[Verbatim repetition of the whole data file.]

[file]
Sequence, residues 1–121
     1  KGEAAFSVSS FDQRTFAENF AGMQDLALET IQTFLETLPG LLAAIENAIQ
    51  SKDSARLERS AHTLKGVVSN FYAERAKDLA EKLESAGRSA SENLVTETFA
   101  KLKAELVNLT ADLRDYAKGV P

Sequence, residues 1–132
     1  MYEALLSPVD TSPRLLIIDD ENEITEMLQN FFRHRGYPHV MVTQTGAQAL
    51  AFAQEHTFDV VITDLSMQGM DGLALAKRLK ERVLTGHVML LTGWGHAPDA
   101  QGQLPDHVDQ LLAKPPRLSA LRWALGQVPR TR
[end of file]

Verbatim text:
Sequence, residues 1–121
     1  KGEAAFSVSS FDQRTFAENF AGMQDLALET IQTFLETLPG LLAAIENAIQ
    51  SKDSARLERS AHTLKGVVSN FYAERAKDLA EKLESAGRSA SENLVTETFA
   101  KLKAELVNLT ADLRDYAKGV P

Sequence, residues 1–132
     1  MYEALLSPVD TSPRLLIIDD ENEITEMLQN FFRHRGYPHV MVTQTGAQAL
    51  AFAQEHTFDV VITDLSMQGM DGLALAKRLK ERVLTGHVML LTGWGHAPDA
   101  QGQLPDHVDQ LLAKPPRLSA LRWALGQVPR TR